We have four days to get in, lay waste and get out. Heading up to South Dakota to chase pheasant has become a tradition for me over the last few years. I love my state of Colorado, but let's face it, it doesn't come close to the pheasant Mecca of South Dakota. Greg, Bryce and I, along with our four-legged crew packed up Greg's F-150 to the hilt and pointed her north. Lacreek is the destination, a National Wildlife Refuge that offers a fair amount of terrain to hunt that's an ideal distance from where we pay our mortgages; a mere six hours away.
There is a common theme with the trips Greg and I go on; we spend as little as possible and get the full value out of the day. This will be my first trip with Bryce, so his vote was already outnumbered. If he was hoping for a cushy hotel room, he had a rude awakening coming. He was going to be spending four glorious nights packed into the bed of a truck with two other stinky dudes. I always wonder why I get a sideways look from my girlfriend when I leave town explaining this exact plan. Women.
This obviously isn't Bryce's first rodeo when it came to road tripping on the cheap. Not a complaint was heard.
We come to a stop around 1:00 am at camp and crashed out with high hopes for the morning. Hopefully I haven't hyped up the area too much as I tend to do on long car rides. Neither of these guys have hunted this area and I'm sure they are looking to make some stories of their own after I regale them for endless hours on past feats of wing shooting in these hallowed grounds. They heard every irrelevant story that I could think of, and I now have the sneaking suspicion that they pretended to be asleep just to shut me up.
We woke up at a leisurely 8:00 am to cook burritos and coffee, getting the day started right. I won't lie and say that I don't like the enforced later start that South Dakota mandates. Taking your time before a hunt is a rare treat, we take full advantage of it.
Thank God. The birds are everywhere. The pheasant gods have not made me a liar. We pummeled them hard in the rare warm weather the day offered up. I take the guys to the spots I know that have held pheasants in the past. They seem to have held to these same spots as if glued there. We all limited well before closing time.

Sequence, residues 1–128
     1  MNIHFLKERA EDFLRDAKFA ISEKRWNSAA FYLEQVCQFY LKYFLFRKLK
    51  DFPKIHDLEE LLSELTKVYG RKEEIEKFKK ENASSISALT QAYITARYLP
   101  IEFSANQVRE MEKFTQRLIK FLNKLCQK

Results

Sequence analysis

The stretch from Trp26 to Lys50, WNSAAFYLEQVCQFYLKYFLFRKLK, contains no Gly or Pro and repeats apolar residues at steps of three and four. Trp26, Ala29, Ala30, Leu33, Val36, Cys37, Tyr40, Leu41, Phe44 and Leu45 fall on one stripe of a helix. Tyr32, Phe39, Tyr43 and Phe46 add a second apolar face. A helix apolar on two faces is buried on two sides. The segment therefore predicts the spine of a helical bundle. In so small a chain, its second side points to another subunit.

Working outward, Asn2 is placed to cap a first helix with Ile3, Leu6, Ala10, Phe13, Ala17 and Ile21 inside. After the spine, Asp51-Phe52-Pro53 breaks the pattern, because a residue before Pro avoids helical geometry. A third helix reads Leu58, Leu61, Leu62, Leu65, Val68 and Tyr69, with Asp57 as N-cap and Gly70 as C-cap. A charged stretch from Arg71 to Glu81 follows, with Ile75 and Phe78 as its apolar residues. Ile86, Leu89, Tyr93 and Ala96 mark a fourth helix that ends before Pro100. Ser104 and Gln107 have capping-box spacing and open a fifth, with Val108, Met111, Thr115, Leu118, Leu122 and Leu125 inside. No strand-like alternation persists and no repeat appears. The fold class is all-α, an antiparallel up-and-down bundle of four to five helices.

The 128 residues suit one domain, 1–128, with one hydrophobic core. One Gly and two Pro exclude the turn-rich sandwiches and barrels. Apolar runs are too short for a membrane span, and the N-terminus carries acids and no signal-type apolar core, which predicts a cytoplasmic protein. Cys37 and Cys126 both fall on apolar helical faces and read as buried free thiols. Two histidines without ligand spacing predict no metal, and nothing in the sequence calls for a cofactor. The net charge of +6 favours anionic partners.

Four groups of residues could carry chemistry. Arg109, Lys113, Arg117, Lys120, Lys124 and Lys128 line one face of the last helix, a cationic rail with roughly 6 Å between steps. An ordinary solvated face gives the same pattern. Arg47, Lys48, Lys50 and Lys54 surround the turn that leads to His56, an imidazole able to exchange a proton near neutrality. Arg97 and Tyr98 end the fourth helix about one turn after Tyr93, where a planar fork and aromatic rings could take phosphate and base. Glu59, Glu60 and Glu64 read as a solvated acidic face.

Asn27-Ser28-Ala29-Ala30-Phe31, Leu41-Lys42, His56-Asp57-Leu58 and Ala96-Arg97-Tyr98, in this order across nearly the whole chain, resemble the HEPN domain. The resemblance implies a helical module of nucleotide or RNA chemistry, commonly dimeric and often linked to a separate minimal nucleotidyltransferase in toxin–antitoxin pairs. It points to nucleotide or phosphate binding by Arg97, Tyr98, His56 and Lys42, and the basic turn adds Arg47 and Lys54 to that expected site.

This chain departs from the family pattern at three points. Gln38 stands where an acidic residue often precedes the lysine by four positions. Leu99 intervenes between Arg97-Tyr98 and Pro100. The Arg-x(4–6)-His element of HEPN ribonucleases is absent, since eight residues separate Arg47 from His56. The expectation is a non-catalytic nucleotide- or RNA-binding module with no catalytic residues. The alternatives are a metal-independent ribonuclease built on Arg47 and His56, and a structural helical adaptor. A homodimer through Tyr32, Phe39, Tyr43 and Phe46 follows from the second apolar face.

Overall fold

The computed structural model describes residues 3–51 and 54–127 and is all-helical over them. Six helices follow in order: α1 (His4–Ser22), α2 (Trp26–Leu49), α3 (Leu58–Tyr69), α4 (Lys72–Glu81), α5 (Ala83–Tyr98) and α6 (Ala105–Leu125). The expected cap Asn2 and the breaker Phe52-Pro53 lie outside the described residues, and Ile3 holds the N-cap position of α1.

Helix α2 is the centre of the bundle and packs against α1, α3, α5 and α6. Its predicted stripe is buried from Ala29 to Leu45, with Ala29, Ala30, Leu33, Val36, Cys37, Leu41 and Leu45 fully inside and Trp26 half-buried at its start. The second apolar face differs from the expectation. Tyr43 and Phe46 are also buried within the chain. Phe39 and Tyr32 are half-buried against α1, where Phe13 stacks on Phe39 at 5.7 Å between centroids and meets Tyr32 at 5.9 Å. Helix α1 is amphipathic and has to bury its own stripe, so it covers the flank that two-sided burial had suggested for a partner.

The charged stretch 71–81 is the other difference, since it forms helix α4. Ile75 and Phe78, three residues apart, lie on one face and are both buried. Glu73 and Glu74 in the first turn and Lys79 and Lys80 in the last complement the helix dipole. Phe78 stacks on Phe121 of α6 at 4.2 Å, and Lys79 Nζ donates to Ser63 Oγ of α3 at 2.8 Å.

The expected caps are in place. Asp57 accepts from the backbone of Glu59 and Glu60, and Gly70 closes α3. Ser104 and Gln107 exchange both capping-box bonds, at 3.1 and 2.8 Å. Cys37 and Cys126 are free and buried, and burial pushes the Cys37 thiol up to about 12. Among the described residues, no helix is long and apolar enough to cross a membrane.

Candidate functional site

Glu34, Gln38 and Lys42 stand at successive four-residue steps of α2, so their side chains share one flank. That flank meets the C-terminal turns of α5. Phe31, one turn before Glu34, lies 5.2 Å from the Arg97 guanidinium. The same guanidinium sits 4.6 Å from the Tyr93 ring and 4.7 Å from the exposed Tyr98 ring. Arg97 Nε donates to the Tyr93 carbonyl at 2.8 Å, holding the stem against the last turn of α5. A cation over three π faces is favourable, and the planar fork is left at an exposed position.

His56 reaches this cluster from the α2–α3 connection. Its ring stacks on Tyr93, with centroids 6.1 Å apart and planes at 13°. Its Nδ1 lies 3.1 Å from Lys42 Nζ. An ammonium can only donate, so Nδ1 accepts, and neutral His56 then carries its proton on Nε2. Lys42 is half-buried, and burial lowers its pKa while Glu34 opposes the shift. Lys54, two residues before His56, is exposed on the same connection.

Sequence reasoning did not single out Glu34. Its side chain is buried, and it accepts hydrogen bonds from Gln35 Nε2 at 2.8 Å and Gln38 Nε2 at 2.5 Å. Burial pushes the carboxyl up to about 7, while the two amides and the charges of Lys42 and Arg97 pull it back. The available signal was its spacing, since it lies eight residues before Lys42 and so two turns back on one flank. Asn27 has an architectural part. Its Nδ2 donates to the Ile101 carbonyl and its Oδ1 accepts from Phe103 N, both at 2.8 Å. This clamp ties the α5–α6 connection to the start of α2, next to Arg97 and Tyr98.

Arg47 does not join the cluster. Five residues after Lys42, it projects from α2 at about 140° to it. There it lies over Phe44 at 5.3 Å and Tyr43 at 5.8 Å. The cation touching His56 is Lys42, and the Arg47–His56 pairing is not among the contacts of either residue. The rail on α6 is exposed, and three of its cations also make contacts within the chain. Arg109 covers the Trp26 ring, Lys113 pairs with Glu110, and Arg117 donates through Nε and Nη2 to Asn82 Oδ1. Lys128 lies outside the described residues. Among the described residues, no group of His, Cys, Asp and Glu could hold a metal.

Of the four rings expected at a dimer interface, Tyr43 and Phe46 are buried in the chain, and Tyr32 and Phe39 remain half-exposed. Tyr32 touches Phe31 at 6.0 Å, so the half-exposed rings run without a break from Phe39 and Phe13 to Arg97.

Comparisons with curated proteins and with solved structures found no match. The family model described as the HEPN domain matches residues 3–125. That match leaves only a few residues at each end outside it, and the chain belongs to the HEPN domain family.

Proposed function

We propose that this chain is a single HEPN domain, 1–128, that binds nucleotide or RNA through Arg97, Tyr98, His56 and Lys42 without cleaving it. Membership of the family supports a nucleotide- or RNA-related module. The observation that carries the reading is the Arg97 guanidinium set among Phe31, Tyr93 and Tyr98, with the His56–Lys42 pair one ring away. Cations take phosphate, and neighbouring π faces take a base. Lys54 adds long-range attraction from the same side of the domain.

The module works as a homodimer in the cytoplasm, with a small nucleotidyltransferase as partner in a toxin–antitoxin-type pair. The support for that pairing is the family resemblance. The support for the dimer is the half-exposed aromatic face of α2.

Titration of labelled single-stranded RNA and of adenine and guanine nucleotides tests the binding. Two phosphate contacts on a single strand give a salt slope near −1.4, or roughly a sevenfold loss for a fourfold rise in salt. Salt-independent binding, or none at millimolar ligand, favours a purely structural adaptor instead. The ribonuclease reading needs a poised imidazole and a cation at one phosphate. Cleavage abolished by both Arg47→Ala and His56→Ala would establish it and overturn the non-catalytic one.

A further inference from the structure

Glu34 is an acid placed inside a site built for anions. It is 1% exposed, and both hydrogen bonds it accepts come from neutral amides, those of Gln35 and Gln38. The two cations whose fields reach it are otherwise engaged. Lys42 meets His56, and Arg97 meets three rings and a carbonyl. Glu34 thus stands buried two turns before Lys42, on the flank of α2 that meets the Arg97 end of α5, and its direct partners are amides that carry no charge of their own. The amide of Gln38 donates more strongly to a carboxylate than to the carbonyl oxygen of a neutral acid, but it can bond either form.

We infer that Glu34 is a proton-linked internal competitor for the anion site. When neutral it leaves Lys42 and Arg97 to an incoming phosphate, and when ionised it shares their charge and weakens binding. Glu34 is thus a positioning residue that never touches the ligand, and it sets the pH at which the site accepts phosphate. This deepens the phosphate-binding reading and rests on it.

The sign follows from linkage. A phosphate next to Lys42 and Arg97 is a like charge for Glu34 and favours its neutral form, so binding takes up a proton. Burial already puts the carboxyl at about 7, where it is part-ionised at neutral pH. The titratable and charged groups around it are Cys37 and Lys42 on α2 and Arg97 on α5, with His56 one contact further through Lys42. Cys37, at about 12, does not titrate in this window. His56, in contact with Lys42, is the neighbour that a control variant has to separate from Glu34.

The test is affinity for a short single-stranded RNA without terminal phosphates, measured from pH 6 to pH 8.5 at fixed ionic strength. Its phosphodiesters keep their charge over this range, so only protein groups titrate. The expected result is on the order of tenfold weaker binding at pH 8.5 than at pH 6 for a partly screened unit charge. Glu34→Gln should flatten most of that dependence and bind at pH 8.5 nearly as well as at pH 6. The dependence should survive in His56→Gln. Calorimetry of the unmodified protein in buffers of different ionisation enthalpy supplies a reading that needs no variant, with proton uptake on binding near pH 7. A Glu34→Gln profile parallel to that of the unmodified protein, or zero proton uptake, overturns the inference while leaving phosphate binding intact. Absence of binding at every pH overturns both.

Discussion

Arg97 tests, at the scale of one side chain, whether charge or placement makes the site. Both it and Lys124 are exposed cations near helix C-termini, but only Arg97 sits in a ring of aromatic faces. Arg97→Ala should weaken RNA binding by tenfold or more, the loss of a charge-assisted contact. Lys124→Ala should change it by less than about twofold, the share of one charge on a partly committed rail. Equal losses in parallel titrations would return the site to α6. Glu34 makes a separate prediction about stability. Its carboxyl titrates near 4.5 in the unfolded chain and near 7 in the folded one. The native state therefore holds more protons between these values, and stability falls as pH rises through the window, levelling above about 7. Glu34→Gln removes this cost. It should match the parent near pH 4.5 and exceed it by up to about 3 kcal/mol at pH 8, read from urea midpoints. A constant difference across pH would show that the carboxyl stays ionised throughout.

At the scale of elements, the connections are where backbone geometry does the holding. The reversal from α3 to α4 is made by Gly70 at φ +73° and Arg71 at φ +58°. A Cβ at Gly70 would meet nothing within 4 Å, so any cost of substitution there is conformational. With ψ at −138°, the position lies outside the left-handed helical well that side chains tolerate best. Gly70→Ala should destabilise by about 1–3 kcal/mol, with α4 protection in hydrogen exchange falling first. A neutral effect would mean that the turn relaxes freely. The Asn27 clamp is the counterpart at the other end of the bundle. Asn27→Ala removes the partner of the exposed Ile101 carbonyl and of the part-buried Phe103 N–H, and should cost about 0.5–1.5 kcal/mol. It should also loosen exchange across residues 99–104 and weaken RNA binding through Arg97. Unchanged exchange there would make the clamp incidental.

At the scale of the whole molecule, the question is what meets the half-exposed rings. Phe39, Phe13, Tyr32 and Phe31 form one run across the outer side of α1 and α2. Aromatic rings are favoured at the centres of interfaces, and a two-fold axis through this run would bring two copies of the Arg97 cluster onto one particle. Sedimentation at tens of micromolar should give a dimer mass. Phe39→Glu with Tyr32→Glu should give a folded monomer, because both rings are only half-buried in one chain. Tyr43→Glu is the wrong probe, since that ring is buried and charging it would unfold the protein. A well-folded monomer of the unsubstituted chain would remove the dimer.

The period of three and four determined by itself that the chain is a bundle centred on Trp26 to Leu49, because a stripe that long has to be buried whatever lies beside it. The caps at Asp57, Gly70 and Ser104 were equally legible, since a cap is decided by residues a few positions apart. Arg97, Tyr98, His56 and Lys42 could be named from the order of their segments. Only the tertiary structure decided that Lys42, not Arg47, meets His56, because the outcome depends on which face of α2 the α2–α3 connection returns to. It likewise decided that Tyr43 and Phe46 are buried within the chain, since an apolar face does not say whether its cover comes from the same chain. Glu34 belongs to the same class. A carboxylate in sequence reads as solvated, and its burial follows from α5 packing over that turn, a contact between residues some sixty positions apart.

Day 2 & 3
Now this was more like it. The temps dropped considerably as the winds pick up to a point where I kept looking for the engine of a 777 over my shoulder. The weather was brutal and the hunting even more so. As we leaned into the winds and searched for cover that we thought would protect the birds, we consistently saw them take off hundreds of yards ahead of us. It didn't matter if we were walking into the wind or with it, they spotted us. I know they get a little paranoid in the wind, but this was crazy. I looked to Greg and Bryce to see who had the guiltiest look.
"One of you two tipped them off." I said under my breath.
Due to some impressive shooting on the other guys' part, a few more birds were taken down in spite of the conditions.
The cold and wind hadn't eased up. Actually it more than likely increased. We weren't stopping however, this was the last day and we wanted to put some birds on the ground. We started off in some fields I hadn't tried before. No more than 50 steps out of the truck and up flies a barrage of them. Bryce quickly puts one down and we moved on. The wind increased as we leaned into it and our eyes teared up from the cold.
I looked over at Greg and his pup Tikka as they stared at a bird hovering in the air, trying to gain distance from them in the headwind.
"Shoot it!" I yelled in the tearing wind.
I slowly mounted my 12 gauge to my shoulder and squeezed off what must have been the easiest shot I'd ever taken. Down plummeted the bird from its holding pattern.
"I forgot to tell you there are Sharpies out here as well!" I yelled over to Greg. We gathered around to take a look.
"First time I have seen one of those, looked like a hen pheasant with its tail feathers shot off." Greg relayed.
" There will be more." I warned as we headed off.
And there were. Maybe 60 or so more, but they weren't letting us near them. They took off at a mere 300 yard rifle shot from us. No dice.
The day was getting long and we decided to hop out of the refuge to check some other fields. Smart move. We saw some of the thickest cover of the trip and decided to barrel in head first.
Pheasants were everywhere. Gun shots rang out as birds fell from the sky. Birds were stuffed into game packs as closing time neared.
"One hell of a way to end our trip." I said to Sage, my lab, as we made our way out of the field.
The corners of his eyes were bloody with scratches from the thick cover, but if it hurts, he's sure wasn't showing it. This dog is a warrior. If they gave out Purple Hearts to canines, this guy would be lined with them from nose to tail.
We all make it back to the truck just before dark. Birds were cleaned with frozen hands in front of the piercing headlights of the F-150. Freezing and tired, we were nothing but smiles.
"There's no doubt, we're all starting a tradition out of this, right?" I asked as we cleaned.
Both looked at me like I was an idiot for even asking.
"Without a doubt. But with this tradition starts a new one. Stop being so cheap. Next year it'll be a cabin and the girls come up. No more sleeping next a bunch of dudes in the back of a freezing truck." Was Greg's reply.
"Done." Came my elated response.
I think my days of Ramen noodles and sleeping like a hobo are limited. It's time to welcome a bit of the good life.